A very important clarification Goldman provides is that the Baroda critical edition of “India’s National Epic” does not represent the original, but seeks to present an archetype constructed out of the best manuscripts that would be nearest to the period of the oldest available manuscripts. The abundance of textual variants poses a major problem in trying to assess the poem’s original form. Goldman hazards a guess that the R was produced around 500-100 BCE, while its oldest manuscripts go back only to the 12th or 13th centuries CE. So we have over 1700 years of no written record of the R. Therefore, “the etic reconstruction of the Ramayana’s genetic history is naturally going to be at odds with its emic receptive history of the work.” While to scholars it is a bardic poem orally performed and transmitted, to its audience it is the work of a single composer, the first poet (adi–kavi), who was a contemporary of Rama in mythical times. An avatar of Vishnu, he descended on earth to destroy demonic oppressors of sages and establish a golden age lasting millennia. Thus, according to the emic view, “it is a chapter of divine history rendered in a new form, that of poetry.” Raising the stimulating question, is the R “a poetic history or a historical poem”, Goldman leaves it hanging in the air. It would have been very interesting to study the reactions of the audience, had this been a live lecture.
Looking into the nature of the R vis-à-vis the M, Goldman notes that the former is far more poetic and emotional than the latter. The predominant emotion of the R is “karuna rasa”, pathos, whereas for the M a new emotion was added by the critic Anandavardhana (c. 9th century CE), “shanta rasa”, worldly-detachment or serenity. Earlier, the poet Bhavabhuti (c. 8th century CE), had asserted that “karuna” is the only rasa. However, in his last work Alf Hiltebeitel has argued very persuasively that the M’s rasa is “adbhuta-wonder”. Where the R holds up a mirror for rulers and families, the M portrays the incredibly complex ramifications of dharma in society and the individual.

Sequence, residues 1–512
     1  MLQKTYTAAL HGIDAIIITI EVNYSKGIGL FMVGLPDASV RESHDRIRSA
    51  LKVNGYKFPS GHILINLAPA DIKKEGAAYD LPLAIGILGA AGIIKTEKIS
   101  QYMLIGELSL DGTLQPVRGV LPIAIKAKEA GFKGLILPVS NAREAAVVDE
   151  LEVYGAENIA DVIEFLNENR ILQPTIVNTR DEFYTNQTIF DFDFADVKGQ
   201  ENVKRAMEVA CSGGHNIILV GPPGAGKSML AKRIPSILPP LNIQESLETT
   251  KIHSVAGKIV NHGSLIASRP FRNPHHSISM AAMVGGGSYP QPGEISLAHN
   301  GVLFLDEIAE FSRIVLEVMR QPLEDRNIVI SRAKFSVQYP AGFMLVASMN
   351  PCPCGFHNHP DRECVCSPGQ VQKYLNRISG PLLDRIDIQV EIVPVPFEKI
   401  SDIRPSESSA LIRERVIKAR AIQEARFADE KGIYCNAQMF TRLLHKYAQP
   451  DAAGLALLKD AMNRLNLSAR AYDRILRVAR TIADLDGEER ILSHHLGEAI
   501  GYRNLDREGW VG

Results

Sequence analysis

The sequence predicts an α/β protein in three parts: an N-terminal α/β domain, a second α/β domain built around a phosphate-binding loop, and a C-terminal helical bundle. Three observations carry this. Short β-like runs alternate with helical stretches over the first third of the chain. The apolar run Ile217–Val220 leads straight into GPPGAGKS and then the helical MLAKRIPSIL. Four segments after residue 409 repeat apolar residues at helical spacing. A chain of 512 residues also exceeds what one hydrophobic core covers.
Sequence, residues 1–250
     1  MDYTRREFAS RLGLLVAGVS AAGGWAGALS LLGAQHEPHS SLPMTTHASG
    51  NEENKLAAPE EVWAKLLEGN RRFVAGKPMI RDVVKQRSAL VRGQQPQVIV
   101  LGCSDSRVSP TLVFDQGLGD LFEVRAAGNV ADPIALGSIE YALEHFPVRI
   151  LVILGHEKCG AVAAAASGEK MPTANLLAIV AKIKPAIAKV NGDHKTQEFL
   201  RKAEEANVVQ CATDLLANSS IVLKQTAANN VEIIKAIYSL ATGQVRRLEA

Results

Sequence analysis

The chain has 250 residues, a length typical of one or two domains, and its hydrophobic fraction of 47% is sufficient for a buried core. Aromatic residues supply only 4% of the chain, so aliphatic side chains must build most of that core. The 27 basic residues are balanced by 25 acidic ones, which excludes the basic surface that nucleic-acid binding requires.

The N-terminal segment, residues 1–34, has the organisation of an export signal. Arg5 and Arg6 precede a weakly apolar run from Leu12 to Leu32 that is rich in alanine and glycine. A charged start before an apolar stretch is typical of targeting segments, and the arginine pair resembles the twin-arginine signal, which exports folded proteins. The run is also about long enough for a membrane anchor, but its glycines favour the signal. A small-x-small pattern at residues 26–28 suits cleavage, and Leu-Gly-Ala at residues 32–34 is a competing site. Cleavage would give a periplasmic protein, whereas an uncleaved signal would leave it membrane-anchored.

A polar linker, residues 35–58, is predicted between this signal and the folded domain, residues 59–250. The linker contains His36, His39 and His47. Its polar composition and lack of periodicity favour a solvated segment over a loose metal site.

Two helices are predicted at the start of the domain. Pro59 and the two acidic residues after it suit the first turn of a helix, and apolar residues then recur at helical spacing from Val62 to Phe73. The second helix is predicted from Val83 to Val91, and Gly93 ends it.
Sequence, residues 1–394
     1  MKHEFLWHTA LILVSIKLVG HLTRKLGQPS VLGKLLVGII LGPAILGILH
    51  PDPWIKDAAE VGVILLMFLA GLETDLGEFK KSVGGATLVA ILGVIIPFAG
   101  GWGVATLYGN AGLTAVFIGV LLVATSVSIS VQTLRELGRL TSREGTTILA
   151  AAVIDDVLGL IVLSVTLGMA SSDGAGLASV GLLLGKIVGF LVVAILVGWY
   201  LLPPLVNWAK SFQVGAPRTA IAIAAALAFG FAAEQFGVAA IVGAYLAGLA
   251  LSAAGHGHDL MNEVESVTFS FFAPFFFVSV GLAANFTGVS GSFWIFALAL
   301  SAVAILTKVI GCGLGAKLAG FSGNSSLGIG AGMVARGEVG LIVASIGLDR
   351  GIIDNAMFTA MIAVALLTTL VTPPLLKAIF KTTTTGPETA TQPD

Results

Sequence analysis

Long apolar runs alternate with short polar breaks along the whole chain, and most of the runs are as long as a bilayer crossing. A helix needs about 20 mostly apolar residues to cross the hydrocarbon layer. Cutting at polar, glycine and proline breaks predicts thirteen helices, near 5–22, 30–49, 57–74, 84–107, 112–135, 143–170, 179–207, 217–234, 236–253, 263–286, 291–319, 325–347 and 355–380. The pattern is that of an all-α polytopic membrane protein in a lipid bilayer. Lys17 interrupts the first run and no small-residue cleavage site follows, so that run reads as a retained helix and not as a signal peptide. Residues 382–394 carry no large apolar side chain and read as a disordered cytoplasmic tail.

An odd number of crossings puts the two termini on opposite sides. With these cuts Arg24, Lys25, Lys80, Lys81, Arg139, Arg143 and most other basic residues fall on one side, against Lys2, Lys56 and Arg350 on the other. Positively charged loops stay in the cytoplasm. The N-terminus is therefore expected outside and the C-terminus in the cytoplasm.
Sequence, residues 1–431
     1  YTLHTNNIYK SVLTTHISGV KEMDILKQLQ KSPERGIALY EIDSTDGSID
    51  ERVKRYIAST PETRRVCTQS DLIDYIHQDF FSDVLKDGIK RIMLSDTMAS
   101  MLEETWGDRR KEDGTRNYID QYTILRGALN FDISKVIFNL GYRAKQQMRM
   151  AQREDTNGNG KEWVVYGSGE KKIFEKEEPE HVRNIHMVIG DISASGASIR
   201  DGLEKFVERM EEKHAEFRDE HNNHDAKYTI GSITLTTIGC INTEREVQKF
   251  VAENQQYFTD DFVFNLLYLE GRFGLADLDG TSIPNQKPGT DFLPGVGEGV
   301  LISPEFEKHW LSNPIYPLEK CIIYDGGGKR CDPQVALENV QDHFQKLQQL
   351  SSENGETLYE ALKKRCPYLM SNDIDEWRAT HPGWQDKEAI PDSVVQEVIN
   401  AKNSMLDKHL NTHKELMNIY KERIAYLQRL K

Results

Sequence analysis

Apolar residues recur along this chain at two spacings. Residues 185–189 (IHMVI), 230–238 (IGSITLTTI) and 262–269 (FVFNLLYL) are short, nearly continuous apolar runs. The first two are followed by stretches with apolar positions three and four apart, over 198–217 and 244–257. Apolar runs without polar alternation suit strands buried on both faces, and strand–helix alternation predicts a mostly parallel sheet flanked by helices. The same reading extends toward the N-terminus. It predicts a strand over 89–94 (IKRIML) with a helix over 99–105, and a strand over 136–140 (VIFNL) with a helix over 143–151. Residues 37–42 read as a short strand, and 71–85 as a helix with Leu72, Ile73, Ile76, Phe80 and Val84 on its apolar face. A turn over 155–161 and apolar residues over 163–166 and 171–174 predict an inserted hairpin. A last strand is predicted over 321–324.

Besides ignoring the story of Rama recounted in the M, Goldman has not noticed another structural similarity between the two mahakavyas that young Ramayana aficionado Saikat Mandal has pointed out. The Tilaka commentary on R by Nagoji Bhatta or Ramavarma (1730-1810) glosses the Uttarakanda as the “khila” (supplement) of the R just as the Harivamsha is of the M. The significance of this needs exploration.
Goldman expatiates at length on how the R records the inception of Valmiki’s composition, which is “a later addition to the fully developed work” for establishing it as the divinely inspired first poem. Its list of seven of the eight “rasas” shows it to be later than Bharata’s treatise, Natyashastra. Goldman goes on to show how the R differs from the Homeric epics in characteristics such as rapidity, being plain and direct in syntax, language and thought. He finds Valmiki hyperbolic, using rhetorical figuration aplenty, highly formulaic and repetitive, unlike Homer’s directness. The literary quality of the R is complicated, being a poem to delight while also being a chronicle. Goldman could have noted how, in all these features, the R is similar to the M and also different, as discussed at length by Sri Aurobindo in “Vyasa and Valmiki”.
Further, the R has grammatical forms that violate Panini’s rules and could be seen as poetic flaws. Its first and seventh books are of a later date, in less refined language. Goldman quotes at length from Homer and Valmiki to exemplify his arguments and to show how adept the latter is in portraying beauty in persons and in nature, including the frightful. Pursuing Abhinavagupta’s view of rasadhvani, Goldman analyses how the raw emotion of grief is sublimated by Valmiki to make karuna rasa the major aesthetic flavour of poetic composition, transmuting shoka (grief) to shloka (verse). The climax is reached in ending with Sita’s descent into the depths of the earth, leaving Rama desolate.
[i] Robert P. Goldman: Reading with the Rsi—a cross-cultural and comparative literary approach to Valmiki’s Ramayana. Orient BlackSwan, Hyderabad, 2023, pp. xvii+54, Rs.385/-
[ii] English translation The Rama Story by Pradip Bhattacharya published in 2022 by the Sahitya Akademi.